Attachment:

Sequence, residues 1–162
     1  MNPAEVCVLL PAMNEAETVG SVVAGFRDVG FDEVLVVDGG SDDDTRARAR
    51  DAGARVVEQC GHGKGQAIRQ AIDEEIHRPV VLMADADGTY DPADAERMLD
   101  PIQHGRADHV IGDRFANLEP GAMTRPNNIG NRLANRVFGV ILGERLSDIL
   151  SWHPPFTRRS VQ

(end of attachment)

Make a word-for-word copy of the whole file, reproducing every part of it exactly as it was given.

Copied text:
Sequence, residues 1–162
     1  MNPAEVCVLL PAMNEAETVG SVVAGFRDVG FDEVLVVDGG SDDDTRARAR
    51  DAGARVVEQC GHGKGQAIRQ AIDEEIHRPV VLMADADGTY DPADAERMLD
   101  PIQHGRADHV IGDRFANLEP GAMTRPNNIG NRLANRVFGV ILGERLSDIL
   151  SWHPPFTRRS VQ